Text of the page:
More pain for Allan Gray
But ‘Lucky Larry’ has an opportunity to clamber in
IT WOULD BE UNDERSTANDABLE if segments of Allan Gray’s portfolios looked like someone had driven a 10t truck through them. That little accident would be courtesy the troubled transport conglomerate Super Group, a company with which Allan Gray seems curiously enamoured.
A couple of years ago Allan Gray purportedly was the main resistance to a private equity tilt at Super Group, which supposedly valued the group at more than 1500c/ share. That decision proved fairly costly, as Super Group’s shares have plummeted precariously since. But not only did Allan Gray fob off a private equity pitch but the well-regarded asset manager also participated in Super Group’s recent rights offer to raise around R487m in fresh capital.
New shares were pitched at 400c/share. Although most institutional shareholders followed their rights, that vote of confidence has done nothing for Super Group’s share price. At the time of writing, Super Group was trading at around 150c on the JSE – meaning every rand invested in the rights issue is now worth a measly 38c.
Finweek has subsequently heard that Super Group founder and CEO Larry Lipschitz admitted at a recent AGM he didn’t follow his rights in the recent fund-raising effort. Naturally, any reticence by Lipschitz to commit to such an important rights offer would raise eyebrows – especially considering that institutional shareholders forked out bravely.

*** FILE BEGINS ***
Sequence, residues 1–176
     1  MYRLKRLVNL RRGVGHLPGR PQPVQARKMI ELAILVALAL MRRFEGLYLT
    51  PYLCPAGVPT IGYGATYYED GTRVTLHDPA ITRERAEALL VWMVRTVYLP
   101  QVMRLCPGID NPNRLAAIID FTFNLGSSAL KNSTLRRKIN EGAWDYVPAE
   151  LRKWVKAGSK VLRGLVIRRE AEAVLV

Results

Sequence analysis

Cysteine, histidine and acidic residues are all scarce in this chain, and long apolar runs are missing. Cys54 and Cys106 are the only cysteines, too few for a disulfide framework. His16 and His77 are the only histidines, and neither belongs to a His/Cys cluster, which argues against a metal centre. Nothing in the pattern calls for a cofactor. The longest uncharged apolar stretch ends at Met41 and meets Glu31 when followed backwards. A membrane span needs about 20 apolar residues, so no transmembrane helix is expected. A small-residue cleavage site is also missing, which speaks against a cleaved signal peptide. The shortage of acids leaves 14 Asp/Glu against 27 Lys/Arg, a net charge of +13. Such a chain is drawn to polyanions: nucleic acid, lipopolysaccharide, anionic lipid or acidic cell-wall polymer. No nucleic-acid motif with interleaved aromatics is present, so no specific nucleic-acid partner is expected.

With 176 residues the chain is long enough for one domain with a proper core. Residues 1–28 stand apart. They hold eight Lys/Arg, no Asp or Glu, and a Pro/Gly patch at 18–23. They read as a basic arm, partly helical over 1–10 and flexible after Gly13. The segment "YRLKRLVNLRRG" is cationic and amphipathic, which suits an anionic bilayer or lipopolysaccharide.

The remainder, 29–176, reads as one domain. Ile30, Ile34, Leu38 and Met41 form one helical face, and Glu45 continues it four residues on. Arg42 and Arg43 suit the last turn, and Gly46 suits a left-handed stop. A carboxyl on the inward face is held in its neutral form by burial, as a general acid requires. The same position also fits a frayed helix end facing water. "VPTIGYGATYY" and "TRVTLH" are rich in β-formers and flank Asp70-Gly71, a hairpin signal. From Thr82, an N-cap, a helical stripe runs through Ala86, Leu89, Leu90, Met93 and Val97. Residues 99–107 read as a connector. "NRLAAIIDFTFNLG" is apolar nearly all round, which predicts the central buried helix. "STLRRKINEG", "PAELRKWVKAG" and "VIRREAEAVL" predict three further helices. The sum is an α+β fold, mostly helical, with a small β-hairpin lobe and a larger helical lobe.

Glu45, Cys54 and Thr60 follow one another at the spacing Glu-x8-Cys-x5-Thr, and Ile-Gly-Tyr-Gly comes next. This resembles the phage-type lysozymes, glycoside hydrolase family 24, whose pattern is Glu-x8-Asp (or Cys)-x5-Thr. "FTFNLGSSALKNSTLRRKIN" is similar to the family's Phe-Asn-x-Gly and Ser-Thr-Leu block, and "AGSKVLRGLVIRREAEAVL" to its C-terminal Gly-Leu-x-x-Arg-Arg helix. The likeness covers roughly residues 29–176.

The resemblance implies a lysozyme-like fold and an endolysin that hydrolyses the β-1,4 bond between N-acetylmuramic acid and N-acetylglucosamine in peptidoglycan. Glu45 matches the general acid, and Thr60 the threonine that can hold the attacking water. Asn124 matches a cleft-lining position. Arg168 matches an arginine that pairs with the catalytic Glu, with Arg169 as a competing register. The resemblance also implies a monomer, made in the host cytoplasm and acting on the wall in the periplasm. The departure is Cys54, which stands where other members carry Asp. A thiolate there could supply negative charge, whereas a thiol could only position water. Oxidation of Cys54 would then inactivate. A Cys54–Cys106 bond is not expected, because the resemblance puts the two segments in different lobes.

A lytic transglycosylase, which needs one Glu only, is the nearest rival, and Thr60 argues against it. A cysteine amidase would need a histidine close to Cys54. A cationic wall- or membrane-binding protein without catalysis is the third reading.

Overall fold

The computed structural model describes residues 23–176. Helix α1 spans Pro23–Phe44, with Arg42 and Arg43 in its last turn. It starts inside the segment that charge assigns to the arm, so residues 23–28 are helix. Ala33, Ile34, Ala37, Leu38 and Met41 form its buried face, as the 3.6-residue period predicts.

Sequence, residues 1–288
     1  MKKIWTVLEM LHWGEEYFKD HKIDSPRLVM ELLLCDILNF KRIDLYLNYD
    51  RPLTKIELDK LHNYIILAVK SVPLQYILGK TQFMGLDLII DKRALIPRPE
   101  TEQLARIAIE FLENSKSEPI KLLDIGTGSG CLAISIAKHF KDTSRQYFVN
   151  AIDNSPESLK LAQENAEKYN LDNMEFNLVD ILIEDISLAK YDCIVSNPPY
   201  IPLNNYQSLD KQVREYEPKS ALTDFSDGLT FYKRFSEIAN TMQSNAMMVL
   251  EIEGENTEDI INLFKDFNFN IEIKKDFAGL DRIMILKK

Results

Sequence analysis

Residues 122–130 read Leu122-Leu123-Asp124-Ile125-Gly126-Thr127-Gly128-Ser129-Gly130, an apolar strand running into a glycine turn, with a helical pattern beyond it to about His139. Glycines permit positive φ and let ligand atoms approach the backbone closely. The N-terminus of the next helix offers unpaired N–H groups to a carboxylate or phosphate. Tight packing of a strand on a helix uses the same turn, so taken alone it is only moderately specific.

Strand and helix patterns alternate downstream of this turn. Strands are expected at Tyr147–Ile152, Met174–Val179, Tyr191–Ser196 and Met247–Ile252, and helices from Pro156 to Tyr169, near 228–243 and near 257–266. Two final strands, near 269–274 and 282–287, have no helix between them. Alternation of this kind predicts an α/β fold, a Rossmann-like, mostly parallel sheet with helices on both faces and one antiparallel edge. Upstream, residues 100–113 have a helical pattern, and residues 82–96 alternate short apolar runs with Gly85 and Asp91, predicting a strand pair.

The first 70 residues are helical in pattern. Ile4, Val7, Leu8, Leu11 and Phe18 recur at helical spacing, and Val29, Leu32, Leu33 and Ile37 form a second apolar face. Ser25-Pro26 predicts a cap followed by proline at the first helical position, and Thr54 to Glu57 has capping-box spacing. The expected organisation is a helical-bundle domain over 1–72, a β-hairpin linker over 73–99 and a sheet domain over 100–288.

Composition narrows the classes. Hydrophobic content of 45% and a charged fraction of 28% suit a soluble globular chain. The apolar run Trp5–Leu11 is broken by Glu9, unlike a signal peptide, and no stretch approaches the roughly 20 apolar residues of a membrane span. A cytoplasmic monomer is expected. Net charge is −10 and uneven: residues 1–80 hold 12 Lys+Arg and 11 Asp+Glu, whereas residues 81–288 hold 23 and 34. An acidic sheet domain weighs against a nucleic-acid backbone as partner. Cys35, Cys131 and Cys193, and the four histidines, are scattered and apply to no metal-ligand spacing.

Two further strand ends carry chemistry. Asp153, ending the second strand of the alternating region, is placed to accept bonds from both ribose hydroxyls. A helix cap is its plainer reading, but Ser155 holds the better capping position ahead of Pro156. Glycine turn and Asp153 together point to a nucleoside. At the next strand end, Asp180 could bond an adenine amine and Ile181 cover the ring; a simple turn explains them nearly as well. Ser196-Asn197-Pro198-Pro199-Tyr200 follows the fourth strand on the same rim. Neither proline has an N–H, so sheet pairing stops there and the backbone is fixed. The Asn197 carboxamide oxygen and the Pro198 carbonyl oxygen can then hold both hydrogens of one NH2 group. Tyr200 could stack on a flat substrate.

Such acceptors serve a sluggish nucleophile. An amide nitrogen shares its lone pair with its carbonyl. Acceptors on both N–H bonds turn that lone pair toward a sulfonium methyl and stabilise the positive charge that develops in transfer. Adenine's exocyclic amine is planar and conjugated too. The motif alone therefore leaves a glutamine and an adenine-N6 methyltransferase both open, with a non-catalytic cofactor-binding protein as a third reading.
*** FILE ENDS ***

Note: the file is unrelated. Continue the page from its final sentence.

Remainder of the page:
There’s been a scurrilous inference it might have suited Lipschitz to hang back in the rights issue, as it seems the true picture about operational setbacks at Super Group only emerged after the fund-raising effort was concluded. Shareholder activist Theo Botha has pointed out that no sooner had the capital been raised than Super Group’s management issued a statement (12 December 2008) outlining hitches in Angola and detailing a provision of R197m in its 2008 financial statements.
Botha noted: “The share price fell immediately on that news. Pity the fund managers who followed their rights – they’ve lost more than half of their money in less than two months.” Botha says Lipschitz must be extremely happy he didn’t take up the 10m shares due to him in the rights issue. “If he had he’d have lost R20m.”
Of course, it may simply be a case of he “could not” follow his rights rather than “did not” follow his rights. One could well believe suggestions that Lipschitz simply couldn’t find the cash to follow his rights, knowing full well that currently banks aren’t exactly in the habit of extending finance to parties wanting to dabble in shares.
Still, it’s lucky for Lipschitz as Super Group’s share price certainly affords him an opportunity to stock up if and when investment funds become available.
Funds certainly aren’t a problem at Allan Gray. However, we wonder if they would be enthusiastic enough to be topping up on Super Group at current levels.